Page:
The Analytical Engine weaves algebraic patterns just as the Jacquard loom weaves flowers and leaves. 1843
Ada Lovelace (1815-1852) was born Augusta Ada Byron, the only legitimate child of Annabella Milbanke and the poet Lord Byron. Her mother, Lady Byron, had mathematical training (Byron called her his 'Princess of Parallelograms') and insisted that Ada, who was tutored privately, study mathematics too - an unusual education for a woman.
Ada met Babbage at a party in 1833 when she was seventeen and was entranced when Babbage demonstrated the small working section of the Engine to her. She intermitted her mathematical studies for marriage and motherhood but resumed when domestic duties allowed. In 1843 she published a translation from the French of an article on the Analytical Engine by an Italian engineer, Luigi Menabrea, to which Ada added extensive notes of her own. The Notes included the first published description of a stepwise sequence of operations for solving certain mathematical problems and Ada is often referred to as 'the first programmer'. The collaboration with Babbage was close and biographers debate the extent and originality of Ada's contribution.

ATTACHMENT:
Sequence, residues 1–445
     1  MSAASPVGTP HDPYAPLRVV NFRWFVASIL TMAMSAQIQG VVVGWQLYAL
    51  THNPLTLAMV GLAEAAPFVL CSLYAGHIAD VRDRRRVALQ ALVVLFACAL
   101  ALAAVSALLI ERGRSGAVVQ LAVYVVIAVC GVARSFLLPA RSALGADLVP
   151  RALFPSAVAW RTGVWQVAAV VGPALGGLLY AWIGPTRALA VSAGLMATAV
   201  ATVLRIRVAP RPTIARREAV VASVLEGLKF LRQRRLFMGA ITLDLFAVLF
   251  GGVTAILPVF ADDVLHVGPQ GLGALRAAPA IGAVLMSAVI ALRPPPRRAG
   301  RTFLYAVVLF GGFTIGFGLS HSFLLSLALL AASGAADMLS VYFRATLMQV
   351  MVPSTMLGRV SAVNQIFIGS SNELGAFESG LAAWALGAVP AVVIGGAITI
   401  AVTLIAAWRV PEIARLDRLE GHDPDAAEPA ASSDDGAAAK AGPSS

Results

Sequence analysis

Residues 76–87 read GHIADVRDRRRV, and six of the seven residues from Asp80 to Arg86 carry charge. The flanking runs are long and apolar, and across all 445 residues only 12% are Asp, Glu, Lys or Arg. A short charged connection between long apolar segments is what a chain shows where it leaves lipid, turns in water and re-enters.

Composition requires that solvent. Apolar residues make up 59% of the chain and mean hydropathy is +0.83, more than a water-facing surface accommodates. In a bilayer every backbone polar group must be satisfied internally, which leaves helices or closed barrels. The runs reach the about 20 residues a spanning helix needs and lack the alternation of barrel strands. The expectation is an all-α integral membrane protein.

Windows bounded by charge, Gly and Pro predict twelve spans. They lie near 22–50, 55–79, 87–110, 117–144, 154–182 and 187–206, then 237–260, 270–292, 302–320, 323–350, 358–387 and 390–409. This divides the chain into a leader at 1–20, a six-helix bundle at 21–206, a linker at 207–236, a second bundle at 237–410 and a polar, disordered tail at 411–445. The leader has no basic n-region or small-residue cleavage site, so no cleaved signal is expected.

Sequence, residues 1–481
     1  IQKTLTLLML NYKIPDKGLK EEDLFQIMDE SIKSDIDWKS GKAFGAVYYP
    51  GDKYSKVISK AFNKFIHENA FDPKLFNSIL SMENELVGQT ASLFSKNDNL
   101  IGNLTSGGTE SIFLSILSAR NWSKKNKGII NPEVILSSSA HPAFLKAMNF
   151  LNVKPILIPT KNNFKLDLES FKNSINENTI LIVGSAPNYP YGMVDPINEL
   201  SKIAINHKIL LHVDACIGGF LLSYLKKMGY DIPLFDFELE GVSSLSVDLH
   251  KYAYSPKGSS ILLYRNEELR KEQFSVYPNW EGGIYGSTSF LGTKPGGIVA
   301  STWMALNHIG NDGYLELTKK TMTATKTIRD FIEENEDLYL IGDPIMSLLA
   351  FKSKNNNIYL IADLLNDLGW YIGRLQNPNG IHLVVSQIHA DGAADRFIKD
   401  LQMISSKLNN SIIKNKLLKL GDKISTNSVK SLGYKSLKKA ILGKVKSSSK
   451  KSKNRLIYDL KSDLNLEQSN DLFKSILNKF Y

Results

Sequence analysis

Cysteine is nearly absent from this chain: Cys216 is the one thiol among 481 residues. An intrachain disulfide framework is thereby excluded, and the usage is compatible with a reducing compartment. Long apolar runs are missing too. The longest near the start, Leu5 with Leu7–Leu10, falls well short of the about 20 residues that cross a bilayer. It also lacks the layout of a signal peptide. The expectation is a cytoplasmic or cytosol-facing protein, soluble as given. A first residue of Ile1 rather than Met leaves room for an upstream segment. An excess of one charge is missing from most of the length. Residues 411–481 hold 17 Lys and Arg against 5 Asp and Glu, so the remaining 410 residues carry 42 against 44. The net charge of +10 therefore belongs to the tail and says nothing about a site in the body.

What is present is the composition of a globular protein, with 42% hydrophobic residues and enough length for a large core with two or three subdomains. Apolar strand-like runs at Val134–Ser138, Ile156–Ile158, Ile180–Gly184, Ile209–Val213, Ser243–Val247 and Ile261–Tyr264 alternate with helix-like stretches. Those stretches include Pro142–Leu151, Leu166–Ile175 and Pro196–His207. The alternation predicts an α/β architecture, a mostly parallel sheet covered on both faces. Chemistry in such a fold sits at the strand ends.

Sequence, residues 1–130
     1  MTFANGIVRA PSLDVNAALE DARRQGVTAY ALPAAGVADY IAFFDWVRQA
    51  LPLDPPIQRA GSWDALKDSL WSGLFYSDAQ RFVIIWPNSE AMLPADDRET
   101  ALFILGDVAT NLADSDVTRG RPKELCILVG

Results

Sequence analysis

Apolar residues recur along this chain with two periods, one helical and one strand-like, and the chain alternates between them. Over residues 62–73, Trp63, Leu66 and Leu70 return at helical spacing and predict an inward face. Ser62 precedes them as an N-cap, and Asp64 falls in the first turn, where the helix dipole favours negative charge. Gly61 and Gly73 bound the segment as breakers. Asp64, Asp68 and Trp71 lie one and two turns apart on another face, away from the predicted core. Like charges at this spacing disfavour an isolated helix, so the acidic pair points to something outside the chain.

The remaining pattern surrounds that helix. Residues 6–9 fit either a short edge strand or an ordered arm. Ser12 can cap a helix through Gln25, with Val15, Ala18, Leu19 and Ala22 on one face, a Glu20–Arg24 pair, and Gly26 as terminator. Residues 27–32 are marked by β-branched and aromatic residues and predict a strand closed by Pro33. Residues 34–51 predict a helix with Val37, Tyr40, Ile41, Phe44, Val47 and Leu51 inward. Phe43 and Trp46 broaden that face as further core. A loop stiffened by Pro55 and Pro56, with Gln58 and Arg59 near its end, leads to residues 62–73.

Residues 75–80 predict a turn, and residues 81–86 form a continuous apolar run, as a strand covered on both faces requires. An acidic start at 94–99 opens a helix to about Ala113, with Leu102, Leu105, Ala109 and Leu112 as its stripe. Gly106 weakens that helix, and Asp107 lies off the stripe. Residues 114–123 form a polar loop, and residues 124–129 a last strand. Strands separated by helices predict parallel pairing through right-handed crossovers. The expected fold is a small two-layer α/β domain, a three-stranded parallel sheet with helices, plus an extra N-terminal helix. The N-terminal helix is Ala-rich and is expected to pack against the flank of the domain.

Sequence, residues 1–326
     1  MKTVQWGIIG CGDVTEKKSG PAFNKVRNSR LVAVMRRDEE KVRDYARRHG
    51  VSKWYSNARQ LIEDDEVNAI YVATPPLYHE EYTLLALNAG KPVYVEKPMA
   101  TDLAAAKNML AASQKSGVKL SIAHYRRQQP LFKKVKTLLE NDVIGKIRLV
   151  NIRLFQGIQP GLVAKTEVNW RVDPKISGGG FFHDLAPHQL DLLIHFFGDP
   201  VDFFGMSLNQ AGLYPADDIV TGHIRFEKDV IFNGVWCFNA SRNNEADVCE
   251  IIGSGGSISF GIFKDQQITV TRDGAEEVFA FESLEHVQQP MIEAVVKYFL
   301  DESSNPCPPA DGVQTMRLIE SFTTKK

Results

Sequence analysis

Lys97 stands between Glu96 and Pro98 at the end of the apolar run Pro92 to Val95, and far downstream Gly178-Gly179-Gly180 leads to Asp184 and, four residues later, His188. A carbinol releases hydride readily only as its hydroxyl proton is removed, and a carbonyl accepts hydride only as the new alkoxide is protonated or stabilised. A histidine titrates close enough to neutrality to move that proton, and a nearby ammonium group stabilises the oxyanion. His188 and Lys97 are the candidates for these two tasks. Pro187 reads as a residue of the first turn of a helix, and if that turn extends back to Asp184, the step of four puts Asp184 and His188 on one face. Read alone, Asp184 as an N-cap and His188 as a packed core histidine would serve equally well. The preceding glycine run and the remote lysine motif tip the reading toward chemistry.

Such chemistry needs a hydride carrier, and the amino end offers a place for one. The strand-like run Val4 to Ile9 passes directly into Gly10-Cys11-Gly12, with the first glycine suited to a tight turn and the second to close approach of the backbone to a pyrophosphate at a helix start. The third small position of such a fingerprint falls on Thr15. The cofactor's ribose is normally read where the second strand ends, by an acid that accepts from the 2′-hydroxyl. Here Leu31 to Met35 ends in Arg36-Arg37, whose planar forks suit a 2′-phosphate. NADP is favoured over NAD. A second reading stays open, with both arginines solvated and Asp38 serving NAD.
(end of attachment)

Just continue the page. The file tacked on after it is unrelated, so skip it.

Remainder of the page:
Perhaps more importantly, the article contained statements by Ada that from a modern perspective are visionary. She speculated that the Engine 'might act upon other things besides number... the Engine might compose elaborate and scientific pieces of music of any degree of complexity or extent'. The idea of a machine that could manipulate symbols in accordance with rules and that number could represent entities other than quantity mark the fundamental transition from calculation to computation. Ada was the first to explicitly articulate this notion and in this she appears to have seen further than Babbage. She has been referred to as 'prophet of the computer age'. Certainly she was the first to express the potential for computers outside mathematics. In this the tribute is well-founded.